Lloyds Bank scam warning as pensioner nearly loses £80k – ‘they’re after the money!’
Martin Lewis says he's in a 'cold fury' over online scams
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Lloyds is taking the time to warn individuals who might be interested in the idea of investing to gain cash growth, as many are being targeted by a sophisticated scam. Investing can be a fantastic way to make money, and with interest rates as low as they are at present, many are being tempted by the idea. However, it is important to remain on one’s guard, as fraudsters are on the prowl.
It is easy for these criminals to create fake websites, send false documents and even impersonate real members of staff by using LinkedIn details.
All of these actions are used to make scammers appear more genuine, and Britons will have to fight back to protect themselves.
Data from Lloyds Banking Group has shown one in four investment scam victims in the past 12 months were people over the age of 55.
The average amount these individuals are losing to an investment scam is £25,944 – showing how devastating the consequences could be.
No one knows this more than David Jeffrey, 81, a loyal Halifax customer since 1992 and a retired businessman.
Mr Jeffrey completed an online questionnaire where he expressed his interest in taking out a two-year fixed Bond investment.
He was not surprised when he received a phone call the next morning claiming to be from a well-known company, which offered Mr Jeffrey a prospectus on investing.
The former businessman then received a link to click on a clone website, and a call from someone who said they were a “compliance manager”, talking him through the process of investing and supposedly checking his eligibility.
Mr Jeffrey appeared convinced, and was close to investing £80,000 he had set aside for his children, providing his ID and signature in order to progress the matter.
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But when he went into his local Halifax branch to make a transfer to the investment company, staff were concerned.
Bank manager, Barry and customs adviser, Jayne, asked for further details and looked more closely at the documentation Mr Jeffrey had brought in.
A number of red flags were raised, including the fact the requested reason for payment did not mention an investment was involved.
It then transpired Mr Jeffrey’s brother-in-law had held an investment with this company, and he was advised to check with his family about the process.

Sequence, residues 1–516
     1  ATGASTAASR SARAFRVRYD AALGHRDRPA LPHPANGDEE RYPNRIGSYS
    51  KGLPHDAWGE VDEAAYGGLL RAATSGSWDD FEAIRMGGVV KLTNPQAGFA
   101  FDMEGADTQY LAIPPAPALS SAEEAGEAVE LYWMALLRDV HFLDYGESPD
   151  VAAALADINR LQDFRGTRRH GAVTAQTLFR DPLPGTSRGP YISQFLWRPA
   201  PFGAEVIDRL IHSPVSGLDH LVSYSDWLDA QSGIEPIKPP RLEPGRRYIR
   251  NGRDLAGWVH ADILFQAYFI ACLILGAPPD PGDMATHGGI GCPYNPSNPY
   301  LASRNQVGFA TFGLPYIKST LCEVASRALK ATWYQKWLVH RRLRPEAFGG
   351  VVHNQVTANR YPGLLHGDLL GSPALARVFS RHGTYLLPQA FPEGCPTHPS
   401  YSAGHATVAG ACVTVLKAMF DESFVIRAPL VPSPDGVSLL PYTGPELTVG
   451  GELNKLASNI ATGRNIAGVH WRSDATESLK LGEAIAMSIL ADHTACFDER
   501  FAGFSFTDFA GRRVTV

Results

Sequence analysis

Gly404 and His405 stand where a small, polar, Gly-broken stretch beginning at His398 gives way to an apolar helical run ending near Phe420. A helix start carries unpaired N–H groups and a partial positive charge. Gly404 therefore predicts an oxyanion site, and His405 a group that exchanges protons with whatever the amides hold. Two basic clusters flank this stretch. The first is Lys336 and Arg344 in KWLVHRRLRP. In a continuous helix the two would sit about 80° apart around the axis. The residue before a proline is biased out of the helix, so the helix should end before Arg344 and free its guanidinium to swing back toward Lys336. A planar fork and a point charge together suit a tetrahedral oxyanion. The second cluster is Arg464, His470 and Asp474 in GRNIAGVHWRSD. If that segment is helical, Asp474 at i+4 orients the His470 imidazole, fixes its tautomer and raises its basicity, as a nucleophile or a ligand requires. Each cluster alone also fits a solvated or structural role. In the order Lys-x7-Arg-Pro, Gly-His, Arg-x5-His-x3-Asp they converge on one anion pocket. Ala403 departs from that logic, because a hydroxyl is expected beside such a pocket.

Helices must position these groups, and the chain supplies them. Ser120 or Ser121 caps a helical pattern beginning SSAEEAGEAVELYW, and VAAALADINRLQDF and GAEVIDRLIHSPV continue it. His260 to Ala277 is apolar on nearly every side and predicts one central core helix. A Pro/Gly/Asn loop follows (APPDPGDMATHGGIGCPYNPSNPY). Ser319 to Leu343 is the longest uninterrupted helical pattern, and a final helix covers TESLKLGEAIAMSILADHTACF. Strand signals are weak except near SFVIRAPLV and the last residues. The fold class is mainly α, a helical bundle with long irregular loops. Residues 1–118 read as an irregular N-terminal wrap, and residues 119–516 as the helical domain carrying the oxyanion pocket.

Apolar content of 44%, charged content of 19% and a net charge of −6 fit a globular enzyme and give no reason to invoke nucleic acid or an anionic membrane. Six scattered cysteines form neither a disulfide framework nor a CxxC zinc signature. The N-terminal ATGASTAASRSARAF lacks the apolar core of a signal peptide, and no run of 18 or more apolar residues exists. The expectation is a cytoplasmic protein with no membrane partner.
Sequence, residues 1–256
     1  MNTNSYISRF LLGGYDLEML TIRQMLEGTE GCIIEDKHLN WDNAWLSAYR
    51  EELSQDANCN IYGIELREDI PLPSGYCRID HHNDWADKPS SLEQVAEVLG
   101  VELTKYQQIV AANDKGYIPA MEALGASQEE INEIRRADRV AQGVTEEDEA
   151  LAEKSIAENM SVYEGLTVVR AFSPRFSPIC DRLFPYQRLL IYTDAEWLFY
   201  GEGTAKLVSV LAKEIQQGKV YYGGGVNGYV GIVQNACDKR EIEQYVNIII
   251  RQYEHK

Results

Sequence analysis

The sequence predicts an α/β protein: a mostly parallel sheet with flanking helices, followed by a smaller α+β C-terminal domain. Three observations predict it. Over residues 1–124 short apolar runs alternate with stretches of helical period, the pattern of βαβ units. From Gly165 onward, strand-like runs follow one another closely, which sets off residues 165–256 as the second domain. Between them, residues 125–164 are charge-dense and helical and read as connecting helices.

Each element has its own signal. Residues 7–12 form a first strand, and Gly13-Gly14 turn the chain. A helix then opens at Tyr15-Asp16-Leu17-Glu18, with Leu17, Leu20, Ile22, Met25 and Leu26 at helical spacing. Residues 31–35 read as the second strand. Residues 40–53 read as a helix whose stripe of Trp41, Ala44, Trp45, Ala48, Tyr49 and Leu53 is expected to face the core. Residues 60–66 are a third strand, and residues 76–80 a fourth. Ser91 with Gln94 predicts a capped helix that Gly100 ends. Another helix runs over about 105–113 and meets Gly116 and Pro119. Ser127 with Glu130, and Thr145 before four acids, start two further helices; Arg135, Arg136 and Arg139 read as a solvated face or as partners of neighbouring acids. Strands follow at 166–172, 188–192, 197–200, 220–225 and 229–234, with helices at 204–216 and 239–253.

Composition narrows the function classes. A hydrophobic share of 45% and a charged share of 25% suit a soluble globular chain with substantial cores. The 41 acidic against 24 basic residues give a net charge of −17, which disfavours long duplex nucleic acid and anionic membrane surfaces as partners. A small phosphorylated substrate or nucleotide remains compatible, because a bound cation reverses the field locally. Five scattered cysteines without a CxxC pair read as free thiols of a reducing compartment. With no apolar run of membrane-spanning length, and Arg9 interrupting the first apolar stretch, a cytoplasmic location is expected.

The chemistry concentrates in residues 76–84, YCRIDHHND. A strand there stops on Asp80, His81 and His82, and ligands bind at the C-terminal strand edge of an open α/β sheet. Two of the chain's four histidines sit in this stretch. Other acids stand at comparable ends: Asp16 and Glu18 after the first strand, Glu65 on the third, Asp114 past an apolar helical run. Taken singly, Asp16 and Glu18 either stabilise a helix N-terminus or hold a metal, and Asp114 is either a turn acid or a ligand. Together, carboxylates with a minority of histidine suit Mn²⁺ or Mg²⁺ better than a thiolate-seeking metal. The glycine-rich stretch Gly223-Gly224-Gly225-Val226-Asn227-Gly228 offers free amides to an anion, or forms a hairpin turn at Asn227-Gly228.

Upon reaching out to the legitimate business, the scam unravelled, and it was found fraudsters had been impersonating the company the entire time.
Mr Jeffrey commented on his close brush with the scam, urging others to be careful.
He said: “I have nothing but praise for Barry and his well-educated team. If the bank’s team hadn’t flagged this fraud, the money would be gone.
“When I hear about friends and family making investments, I always ask them to double check the company is legitimate.
“These scammers are evil, they go home to their normal homes and families and don’t see the people they’re scamming as people. They’re just after the money.”
Meanwhile, Lloyds Banking Group has issued tips to help people protect themselves from unscrupulous scammers.
Firstly, it is important to take the time to think about the information one is being presented with, as this can help a person to decide whether correspondence is genuine.
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Next, making secure any website one comes into contact with is genuine is also a key point of action.
In this case, it is best to check the site address to ensure the name is genuine, with poor spelling or grammar being a huge red flag.
For those who still are not sure, typing a site’s web address directly into the address bar at the top of the screen can help individuals to double-check.
Finally, being open and honest with family, friends and even financial advisers can serve as a good safeguard.
Although money may be a more awkward conversation, it is better this than being scammed, and many people can offer help on how to make the most out of money.
No genuine offer should pressure Britons into making a quick decision, nor should individuals be asked to keep quiet about a phone call.
Google Ads are now becoming even tougher on financial adverts and promotions, to only accept financial product adverts from regulated firms.
However, it is clear enforcing these rules may be more tricky than they appear on a surface level.
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